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Trevor Ferguson: 10 Books I Digested Early
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Trevor Ferguson: 10 Books I Digested Early

By 49thShelf
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Trevor Ferguson has been highly praised for his stunning and dramatic writing, and his ability to explore the mysteries of the human heart. With The River Burns, he takes the reader on a passionate journey through the humanity, temptation, devastation, and, ultimately, the redemption of a small town.
Barometer Rising

Penny felt her heart beginning to labour. Of course, if Neil were alive and in disgrace he would be a deserter and would not dare wear a uniform…. Penny breathed deeply. Surely if Neil were in Halifax she would have heard from him. She could not endure the thought that he was alive anywhere and had not come to her.

Then the withering feeling returned as she remembered her father and the things people had whispered about Neil Macrae for the past two years. She remembered Murray’s unwillingness to talk and the sudden embarrassment of Billy Andrews only half an hour ago. But Angus, at least, would have told her if Neil was alive. He could never have brought himself to lie about a thing like that. She had been so sure of his sincerity that his answers had finally dispelled any lingering hope that Neil might still be living, in spite of everything.

The tram stopped at the foot of her street and she got off and began to climb the hill. It was silent and cold and empty on this street where she had lived all her life. The air cooled her brain and slowed her thoughts and her heart to a normal pace. As she began to calculate the situation she thanked God for this gift which never failed her, this merciful power within herself that enabled her to spill cold water over her brain and make it lucid in moments of crisis.

She moved slowly up the hill under the bare branches of the trees until she reached the red house at the crest….
She looked at the front door. That heavy rectangle of oak weighted with its brass knocker was a symbol. Her family had shut her in from the world when she was young; it had shut her out from itself when she had ceased being a child. Her body straightened, became erect and rigid, as though to counteract the trembling sensation in her spine which now was spreading to her hands, her knees, and her shoulders.

In that instant she knew unmistakably that Neil Macrae was alive and that she had seen him. She realized this beyond the power of any logic to confute it. Her eyes were trained to recognize what was placed before them; they had often tried to fool her, but after sober consideration, they had never cheated her in her whole life.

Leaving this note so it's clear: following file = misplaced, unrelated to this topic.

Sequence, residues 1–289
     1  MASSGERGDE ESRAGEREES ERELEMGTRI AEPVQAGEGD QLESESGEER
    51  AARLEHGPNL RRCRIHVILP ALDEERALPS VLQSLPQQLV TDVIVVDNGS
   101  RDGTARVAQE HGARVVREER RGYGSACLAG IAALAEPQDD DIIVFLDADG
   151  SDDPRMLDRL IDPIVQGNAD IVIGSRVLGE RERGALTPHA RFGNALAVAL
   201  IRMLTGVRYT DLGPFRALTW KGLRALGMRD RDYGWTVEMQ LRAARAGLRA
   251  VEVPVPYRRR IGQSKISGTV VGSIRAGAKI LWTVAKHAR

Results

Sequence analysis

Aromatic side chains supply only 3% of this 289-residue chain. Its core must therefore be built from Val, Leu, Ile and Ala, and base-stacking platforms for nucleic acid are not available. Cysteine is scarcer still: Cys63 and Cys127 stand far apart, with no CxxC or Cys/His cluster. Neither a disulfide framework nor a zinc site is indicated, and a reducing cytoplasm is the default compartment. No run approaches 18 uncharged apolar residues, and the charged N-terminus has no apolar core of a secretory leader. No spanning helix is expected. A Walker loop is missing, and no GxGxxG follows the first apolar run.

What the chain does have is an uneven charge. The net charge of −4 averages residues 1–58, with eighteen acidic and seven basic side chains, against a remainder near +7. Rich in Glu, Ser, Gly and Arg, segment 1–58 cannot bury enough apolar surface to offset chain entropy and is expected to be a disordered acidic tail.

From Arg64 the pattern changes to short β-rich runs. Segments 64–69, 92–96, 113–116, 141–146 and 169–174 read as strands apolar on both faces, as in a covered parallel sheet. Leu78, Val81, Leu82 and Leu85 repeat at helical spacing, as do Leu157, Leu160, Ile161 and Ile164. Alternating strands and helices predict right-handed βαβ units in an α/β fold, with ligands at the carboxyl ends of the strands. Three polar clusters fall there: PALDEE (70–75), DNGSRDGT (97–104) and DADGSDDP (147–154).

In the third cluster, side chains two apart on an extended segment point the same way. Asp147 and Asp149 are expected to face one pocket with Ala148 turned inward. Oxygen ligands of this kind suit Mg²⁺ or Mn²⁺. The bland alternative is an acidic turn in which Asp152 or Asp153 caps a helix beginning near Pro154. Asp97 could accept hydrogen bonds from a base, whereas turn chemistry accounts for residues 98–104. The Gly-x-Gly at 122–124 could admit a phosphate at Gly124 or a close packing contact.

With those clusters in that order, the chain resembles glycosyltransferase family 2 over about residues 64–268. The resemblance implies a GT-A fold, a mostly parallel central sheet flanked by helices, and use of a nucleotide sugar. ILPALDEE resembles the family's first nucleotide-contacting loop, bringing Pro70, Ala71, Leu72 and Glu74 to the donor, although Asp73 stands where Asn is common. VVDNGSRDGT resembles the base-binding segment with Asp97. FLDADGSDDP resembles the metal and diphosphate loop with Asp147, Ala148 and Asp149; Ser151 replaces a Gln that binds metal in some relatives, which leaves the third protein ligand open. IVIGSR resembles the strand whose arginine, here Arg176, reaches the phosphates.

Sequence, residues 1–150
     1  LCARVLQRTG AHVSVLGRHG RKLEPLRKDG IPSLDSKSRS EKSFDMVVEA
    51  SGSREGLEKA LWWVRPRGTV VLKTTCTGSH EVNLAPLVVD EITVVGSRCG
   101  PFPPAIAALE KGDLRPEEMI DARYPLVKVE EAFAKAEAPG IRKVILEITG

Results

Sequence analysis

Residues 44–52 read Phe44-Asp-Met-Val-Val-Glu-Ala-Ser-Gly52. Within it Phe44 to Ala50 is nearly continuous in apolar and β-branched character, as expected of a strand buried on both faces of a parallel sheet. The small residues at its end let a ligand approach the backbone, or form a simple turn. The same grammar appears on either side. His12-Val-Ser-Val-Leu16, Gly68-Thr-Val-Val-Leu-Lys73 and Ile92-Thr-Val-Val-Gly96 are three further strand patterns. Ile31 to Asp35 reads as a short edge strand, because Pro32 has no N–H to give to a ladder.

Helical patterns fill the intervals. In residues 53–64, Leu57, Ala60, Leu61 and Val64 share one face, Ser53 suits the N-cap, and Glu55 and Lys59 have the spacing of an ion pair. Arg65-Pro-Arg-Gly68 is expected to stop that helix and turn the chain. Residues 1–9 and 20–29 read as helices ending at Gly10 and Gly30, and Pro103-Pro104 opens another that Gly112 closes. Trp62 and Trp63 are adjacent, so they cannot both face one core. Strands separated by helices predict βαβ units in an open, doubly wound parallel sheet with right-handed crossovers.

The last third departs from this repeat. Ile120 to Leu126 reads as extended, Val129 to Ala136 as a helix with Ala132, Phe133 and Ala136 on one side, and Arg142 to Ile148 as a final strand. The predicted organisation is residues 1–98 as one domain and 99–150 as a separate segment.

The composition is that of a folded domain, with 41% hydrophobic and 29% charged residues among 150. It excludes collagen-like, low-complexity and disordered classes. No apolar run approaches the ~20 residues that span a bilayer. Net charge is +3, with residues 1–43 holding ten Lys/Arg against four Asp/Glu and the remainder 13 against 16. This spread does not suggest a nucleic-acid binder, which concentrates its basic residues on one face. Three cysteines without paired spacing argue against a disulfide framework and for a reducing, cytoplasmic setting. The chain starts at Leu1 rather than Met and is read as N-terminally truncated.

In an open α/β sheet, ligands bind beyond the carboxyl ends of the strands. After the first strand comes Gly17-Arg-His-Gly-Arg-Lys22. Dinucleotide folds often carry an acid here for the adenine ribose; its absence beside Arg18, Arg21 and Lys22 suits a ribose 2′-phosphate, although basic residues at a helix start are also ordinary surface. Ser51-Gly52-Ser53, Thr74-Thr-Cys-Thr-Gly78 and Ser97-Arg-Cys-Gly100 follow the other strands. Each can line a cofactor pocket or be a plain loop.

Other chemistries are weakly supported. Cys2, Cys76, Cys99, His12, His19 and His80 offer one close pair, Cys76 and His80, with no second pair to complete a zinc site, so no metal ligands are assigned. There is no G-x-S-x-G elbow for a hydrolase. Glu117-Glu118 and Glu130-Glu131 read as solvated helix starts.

The quivering in her limbs subsided. She drew a deep breath of damp air, and slipped her hands into the pockets of her coat. And then she felt saturated with anger and cold determination. No one had ever had the kindness to give her an honest account of what had happened to Neil that day or night in Flanders when they hinted that his cowardice had ruined her father’s career in the army. The family had whispered their obscure remarks, and after Jean’s birth she had been too shaken and apprehensive to ask many questions. But Neil was alive now and she knew it. He was back in Halifax, and not all the coldness and pride of her father could keep her from compelling him to answer her questions tonight. She closed the door loudly behind her as she entered the house.

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Why it's on the list ...
The second novel I read not specifically geared to children was The Watch that Ends the Night. So began an early enjoyment of Canadian novels. The enjoyment of the sweep and scope of that book riveted me as I suppose later generations are held in sway by Harry Potter. Over the next year or so I went on to read every novel MacLennan had written, and I suppose I was developing a critical judgment by selecting Barometer Rising as my favourite. The Halifax explosion seared my imagination.
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Such Is My Beloved

Such Is My Beloved

also available: Paperback
tagged : classics
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Father Dowling took off his hat and looked around slowly as if it were most important that he find a proper place to put it. He saw the room with the faded blue flowers on the wall-paper, the thick blue curtains on the window, the wide iron bed, painted white but chipped badly at the posts, and the copper-colored carpet that had a spot worn thin near the side of the bed. There were two chairs in the room. A door led into the next room. While he was looking around, the tall fair girl, who was wearing a loose blue dress that concealed the angularity of her body, assumed a ready smile, came over beside him and began to help him off with his coat with a dreadful efficiency. And the little, dark one with the round brown eyes and the smooth soft skin and a big bunch of black hair at the nape of her neck, jumped up from her chair with the same impressive efficiency, and in the affected manner of a great lady, extended her left hand with the elbow crooked as if he would be permitted just to touch the tips of her fingers. "How do you do, Sweetie. We are so mighty pleased to see you. You can't go wrong in coming here to see me."